Benedict Cumberbatch, star of Doctor Strange in the Multiverse of Madness, has chimed in on a lawsuit filed by his Marvel movies co-star Scarlett Johansson against the Walt Disney Company, in which she alleges that the company wrongfully deprived her of revenue when they refused to count premium VOD rental money as "box office." The suit alleges that since Disney unilaterally decided on a day-and-date release model for theaters and Disney+, they had a responsibility to protect her salary, which was largely predicated on how much money the movie made at the box office. According to Johansson's suit, her contract included language that required the movie to have a standard window of theater-only time.
Disney's response has been to blame the extraordinary circumstances of the covid-19 pandemic for the decision, and to fight Johansson in the court of public opinion. Their initial response to her suit did not address the merits of her argument, but rather the ethics of filing such a suit in the current context, claiming that she had already made plenty of money, and that her suit was "especially sad and distressing in its callous disregard for the horrific and prolonged global effects of the COVID-19 pandemic."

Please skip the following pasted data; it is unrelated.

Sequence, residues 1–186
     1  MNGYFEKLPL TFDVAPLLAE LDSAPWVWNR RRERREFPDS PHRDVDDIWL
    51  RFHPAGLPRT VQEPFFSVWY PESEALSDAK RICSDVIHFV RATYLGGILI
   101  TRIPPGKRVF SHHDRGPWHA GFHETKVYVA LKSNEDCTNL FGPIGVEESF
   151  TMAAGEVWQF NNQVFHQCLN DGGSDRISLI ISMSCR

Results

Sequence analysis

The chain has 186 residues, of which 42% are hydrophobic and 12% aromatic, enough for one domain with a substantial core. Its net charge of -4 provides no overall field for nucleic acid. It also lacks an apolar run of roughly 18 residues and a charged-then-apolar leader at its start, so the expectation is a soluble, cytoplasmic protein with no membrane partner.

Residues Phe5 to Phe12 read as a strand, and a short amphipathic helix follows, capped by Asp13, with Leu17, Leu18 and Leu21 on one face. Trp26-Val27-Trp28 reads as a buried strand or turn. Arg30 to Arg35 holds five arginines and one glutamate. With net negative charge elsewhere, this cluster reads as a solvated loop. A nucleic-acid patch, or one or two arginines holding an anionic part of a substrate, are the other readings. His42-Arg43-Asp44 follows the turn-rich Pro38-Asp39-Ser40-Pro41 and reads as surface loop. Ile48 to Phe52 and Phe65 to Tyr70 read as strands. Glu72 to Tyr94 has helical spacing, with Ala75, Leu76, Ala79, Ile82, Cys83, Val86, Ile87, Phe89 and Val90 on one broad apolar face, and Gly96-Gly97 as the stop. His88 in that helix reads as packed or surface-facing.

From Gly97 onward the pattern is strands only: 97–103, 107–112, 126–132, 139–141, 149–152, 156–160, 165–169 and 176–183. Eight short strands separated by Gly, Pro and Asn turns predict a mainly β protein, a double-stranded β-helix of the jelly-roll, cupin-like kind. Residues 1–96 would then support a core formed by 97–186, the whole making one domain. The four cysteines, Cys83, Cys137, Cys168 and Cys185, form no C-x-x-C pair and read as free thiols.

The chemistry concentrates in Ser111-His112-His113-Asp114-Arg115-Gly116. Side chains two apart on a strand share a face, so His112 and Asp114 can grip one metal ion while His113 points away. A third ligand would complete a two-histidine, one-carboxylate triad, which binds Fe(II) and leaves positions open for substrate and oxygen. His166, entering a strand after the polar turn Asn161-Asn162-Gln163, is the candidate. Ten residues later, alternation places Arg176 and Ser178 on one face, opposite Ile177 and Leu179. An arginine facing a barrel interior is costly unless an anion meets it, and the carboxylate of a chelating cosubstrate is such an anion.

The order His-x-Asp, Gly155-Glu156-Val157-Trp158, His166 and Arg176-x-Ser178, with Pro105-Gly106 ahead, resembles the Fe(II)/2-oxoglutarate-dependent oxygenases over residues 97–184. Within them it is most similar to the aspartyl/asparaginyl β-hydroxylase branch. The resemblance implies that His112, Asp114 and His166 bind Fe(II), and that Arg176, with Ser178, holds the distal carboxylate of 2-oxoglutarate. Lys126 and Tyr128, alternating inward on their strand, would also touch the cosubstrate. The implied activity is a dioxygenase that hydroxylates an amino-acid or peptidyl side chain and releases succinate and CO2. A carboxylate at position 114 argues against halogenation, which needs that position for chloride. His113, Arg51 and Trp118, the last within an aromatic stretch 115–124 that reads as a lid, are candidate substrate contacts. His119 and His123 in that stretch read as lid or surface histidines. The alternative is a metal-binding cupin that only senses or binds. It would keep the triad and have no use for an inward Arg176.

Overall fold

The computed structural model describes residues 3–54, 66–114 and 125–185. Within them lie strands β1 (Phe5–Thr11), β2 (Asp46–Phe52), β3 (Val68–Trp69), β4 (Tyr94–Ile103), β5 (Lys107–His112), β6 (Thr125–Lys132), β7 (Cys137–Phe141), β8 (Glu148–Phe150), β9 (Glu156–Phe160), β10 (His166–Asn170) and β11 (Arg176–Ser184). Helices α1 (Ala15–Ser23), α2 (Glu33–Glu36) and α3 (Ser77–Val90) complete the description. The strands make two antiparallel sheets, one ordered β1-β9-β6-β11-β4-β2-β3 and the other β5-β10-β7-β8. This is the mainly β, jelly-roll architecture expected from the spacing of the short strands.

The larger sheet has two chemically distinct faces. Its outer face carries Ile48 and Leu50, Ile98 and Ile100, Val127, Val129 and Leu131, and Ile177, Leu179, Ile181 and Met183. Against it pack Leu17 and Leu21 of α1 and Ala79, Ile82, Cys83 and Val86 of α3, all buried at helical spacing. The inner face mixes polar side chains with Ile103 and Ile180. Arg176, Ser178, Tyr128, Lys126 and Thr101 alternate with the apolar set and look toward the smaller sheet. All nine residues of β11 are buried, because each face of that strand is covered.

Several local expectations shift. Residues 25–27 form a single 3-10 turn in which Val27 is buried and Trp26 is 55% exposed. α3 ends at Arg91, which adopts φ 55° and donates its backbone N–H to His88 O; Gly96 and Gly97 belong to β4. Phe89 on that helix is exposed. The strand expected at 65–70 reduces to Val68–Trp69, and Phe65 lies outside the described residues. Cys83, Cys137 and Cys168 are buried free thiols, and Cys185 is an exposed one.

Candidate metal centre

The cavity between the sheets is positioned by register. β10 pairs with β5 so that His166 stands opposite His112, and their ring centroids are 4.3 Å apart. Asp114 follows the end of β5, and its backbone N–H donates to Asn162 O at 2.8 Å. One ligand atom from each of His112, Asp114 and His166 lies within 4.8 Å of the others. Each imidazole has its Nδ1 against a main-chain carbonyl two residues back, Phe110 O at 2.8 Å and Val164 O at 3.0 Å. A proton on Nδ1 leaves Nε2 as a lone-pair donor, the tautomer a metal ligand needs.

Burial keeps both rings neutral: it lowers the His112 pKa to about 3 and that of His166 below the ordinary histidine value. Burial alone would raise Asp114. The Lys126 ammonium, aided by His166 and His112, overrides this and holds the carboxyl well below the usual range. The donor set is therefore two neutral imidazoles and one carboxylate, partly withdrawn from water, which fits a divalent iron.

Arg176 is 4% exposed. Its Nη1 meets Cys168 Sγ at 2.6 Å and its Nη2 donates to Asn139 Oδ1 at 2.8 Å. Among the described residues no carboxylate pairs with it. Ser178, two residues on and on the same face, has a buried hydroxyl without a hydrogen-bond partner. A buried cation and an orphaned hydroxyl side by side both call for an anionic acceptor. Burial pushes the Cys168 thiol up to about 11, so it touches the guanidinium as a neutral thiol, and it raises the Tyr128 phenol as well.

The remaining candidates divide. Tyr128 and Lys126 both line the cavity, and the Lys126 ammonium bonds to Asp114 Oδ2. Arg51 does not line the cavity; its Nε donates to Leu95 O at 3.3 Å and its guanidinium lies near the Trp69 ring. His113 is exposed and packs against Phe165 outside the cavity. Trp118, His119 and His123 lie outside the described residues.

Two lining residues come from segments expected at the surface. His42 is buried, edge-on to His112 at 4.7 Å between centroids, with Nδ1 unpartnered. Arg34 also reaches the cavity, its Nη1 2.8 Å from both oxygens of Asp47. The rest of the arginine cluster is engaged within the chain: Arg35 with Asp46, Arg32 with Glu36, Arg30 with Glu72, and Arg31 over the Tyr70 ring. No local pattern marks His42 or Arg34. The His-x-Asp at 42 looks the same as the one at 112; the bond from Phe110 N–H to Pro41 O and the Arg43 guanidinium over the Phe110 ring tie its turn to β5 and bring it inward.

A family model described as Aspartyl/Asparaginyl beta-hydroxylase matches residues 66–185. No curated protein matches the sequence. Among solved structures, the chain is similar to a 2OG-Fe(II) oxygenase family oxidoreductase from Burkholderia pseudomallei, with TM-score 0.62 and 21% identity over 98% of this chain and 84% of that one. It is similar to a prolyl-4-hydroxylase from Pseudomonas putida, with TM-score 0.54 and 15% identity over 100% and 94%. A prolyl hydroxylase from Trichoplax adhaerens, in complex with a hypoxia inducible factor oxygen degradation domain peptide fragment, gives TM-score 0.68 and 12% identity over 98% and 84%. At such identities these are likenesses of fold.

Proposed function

"It's sad what's going on between the lawyers," Cumberbatch told The Hollywood Reporter. "Just the verbiage and the accusations of, 'Put it in a global pandemic context.' The whole thing's just a bit of a mess. We're trying to understand what the revenue streams should be for artists that contribute to the billion-dollar business that is Disney. And it has to be contractualized. How does an artist's normal compensation with box office bonuses, how does it work? It's a new paradigm, and it's a very complex one. No one saw this coming, and no one should use hindsight to say, 'Well, it should have been done.' That was the first of these films that was going to get a cinematic release during the pandemic and got stalled and stalled and stalled. It's very new territory."
Of course, it's likely that Johansson's people will be quick to point out that plenty of other people did see this coming, and respond in kind. Studios like Warner Bros. and Paramount are reported to have proactively renegotiated contracts before the release of day-and-date digital releases, anticipating the complications that would arise out of the situation and writing off potential losses as the cost of doing business for their new streaming services. The crux of Johansson's argument seems to be that Disney is fairly unique in asking the talent to bear those costs for them.
Doctor Strange in the Multiverse of Madness is expected to hit theaters on March 25, 2022. In the meantime, Marvel's 2021 line-up includes Shang-Chi and the Legend of the Ten Rings, which is now playing in theaters, What If..., which releases new episodes on Disney+ on Wednesdays, Eternals in theatres on November 5th, Hawkeye on Disney+ on November 24th, and Spider-Man: No Way Home in theatres on December 17th.